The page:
I own an "emotions" deck of cards. It's sized like a regular deck of playing cards, but instead of queens and jacks and aces, you've got happy children, sad children, bored children, children twisting their faces into rictuses of disgust.
I suppose you could use these cards like semaphores, broadcasting to the outside world what's going on within the besieged fortress of your skin. But your skin has its own semaphores, and unless you are a member of the secret service, folks can usually tell when you're in the grip of joy, sorrow, weariness, or pain.
Most folks, but not so many kiddos with autism. Autistic kids have trouble with theory of mind, the idea that other people have feelings and thoughts distinct from their own. Autistic kiddos have trouble interpreting facial cues and flavors of voice. They don't always pick up on "mad" or "sad" or "afraid." The cards are used to help coach them. Is she happy or sad? Angry or surprised?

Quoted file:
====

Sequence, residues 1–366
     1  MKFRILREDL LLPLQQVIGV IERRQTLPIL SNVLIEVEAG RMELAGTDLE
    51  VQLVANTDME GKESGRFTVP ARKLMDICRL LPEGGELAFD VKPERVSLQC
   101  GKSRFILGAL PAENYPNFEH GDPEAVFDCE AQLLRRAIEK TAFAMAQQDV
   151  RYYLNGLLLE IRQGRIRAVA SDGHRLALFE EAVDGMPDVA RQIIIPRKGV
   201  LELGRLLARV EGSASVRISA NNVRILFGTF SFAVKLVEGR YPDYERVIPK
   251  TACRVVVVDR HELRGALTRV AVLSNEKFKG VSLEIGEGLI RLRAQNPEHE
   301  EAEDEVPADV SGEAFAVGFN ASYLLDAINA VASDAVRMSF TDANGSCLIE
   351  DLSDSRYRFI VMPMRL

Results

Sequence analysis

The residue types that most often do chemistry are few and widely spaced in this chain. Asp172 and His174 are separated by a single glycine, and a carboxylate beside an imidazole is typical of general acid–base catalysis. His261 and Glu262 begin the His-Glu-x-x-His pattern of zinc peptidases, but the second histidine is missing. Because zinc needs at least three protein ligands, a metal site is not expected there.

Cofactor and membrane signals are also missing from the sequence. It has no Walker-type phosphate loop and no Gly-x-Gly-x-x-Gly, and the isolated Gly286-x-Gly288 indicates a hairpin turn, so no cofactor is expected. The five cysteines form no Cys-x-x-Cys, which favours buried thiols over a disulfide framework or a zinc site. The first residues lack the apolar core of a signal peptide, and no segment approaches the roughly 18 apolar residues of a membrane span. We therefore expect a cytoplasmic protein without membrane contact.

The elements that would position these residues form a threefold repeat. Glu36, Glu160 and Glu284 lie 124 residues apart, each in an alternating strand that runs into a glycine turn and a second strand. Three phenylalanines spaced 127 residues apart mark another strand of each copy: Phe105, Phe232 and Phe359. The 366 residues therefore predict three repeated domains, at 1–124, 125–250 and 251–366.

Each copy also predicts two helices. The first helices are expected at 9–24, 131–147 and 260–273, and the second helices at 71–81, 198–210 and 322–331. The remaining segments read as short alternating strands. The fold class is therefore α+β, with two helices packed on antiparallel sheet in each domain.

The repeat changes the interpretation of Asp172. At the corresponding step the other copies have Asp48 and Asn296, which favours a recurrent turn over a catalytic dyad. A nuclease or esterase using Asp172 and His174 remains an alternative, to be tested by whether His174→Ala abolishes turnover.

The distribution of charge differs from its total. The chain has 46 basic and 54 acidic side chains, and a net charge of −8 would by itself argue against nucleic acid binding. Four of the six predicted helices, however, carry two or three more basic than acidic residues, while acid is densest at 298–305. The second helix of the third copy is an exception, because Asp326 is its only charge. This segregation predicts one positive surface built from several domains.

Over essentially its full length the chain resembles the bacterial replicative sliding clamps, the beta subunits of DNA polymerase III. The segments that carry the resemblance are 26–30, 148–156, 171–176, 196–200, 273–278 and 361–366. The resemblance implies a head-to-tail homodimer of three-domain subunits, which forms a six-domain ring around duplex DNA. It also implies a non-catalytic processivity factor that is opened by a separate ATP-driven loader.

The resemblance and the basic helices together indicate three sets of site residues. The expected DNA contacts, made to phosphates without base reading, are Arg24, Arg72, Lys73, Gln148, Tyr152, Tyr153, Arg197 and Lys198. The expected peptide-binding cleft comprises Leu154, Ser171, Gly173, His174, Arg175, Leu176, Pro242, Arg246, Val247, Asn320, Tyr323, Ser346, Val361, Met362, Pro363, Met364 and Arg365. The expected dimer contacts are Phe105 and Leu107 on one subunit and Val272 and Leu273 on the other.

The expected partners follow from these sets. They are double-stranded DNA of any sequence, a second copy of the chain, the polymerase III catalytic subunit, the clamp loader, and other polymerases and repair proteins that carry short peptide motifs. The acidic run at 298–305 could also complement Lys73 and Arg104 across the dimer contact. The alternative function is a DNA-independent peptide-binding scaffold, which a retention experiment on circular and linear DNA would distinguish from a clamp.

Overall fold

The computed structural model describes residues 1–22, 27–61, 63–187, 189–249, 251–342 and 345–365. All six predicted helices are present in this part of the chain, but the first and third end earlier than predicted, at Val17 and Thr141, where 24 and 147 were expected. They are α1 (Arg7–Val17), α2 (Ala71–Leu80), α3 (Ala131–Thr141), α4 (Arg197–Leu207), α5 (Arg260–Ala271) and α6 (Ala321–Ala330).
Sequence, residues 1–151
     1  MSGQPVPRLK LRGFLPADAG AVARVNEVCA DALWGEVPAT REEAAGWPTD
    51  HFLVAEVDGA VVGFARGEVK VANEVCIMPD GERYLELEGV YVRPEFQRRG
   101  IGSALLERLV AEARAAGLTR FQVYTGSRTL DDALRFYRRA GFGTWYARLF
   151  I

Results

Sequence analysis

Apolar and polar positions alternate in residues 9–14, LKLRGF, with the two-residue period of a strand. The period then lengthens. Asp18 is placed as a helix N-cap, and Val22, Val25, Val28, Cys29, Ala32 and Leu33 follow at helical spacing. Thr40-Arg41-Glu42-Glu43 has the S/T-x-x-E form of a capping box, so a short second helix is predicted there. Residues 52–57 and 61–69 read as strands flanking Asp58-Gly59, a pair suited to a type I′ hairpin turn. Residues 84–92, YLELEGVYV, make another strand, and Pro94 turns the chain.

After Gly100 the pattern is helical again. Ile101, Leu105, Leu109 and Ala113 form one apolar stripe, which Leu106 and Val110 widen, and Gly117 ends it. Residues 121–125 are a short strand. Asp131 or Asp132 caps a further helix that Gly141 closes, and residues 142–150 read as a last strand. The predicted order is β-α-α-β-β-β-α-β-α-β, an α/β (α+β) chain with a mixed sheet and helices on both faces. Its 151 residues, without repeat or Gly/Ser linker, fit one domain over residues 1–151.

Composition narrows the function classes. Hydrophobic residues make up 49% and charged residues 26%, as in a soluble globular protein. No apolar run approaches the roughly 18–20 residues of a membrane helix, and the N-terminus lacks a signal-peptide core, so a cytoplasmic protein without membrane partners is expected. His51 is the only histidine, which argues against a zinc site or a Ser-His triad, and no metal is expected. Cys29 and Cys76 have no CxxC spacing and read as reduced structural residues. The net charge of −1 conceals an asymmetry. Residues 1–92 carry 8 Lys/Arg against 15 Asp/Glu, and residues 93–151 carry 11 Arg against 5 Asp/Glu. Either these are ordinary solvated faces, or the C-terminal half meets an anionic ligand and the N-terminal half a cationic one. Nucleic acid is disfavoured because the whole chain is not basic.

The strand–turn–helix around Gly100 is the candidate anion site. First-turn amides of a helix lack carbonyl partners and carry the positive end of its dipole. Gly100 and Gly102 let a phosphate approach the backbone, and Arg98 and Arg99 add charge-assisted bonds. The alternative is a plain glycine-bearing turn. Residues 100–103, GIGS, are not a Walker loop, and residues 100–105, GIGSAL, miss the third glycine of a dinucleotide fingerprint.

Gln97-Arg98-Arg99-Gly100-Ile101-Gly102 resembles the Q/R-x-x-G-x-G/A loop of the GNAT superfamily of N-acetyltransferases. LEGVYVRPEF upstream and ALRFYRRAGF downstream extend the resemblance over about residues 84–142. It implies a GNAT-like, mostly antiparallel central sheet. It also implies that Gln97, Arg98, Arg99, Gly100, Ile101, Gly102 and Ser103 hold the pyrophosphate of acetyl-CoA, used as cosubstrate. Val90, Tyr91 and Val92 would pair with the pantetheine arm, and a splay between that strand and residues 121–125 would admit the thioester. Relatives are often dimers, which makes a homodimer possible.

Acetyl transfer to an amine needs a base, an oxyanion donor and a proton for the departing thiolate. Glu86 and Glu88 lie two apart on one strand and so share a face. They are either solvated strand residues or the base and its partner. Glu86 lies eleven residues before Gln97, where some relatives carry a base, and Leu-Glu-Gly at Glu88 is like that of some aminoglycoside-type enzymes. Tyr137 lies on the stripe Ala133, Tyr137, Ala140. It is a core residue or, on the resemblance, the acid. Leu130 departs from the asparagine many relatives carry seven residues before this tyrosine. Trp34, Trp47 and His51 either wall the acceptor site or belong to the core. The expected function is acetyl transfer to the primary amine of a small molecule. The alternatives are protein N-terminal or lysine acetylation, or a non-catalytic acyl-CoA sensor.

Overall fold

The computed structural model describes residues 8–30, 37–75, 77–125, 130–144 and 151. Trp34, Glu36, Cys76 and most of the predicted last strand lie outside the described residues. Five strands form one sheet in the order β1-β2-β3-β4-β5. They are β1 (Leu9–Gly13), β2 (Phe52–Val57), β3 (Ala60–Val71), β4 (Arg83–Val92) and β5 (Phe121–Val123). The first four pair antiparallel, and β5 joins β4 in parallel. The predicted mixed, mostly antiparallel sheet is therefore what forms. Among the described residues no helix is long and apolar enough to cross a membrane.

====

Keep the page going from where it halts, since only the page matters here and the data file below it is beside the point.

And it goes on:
It's another sunny morning in Virginia.
I awoke, as I've awakened for the last several months, with a nagging undertow of dread. Today I have to go to church. Tomorrow I have to work. Four days from now I have to travel, concertize, socialize, make it through. Dread, and fear, are cards I understand.
When's the last time I felt excited? Would I even recognize the shape of my own face in the grip of fearless, joyous anticipation?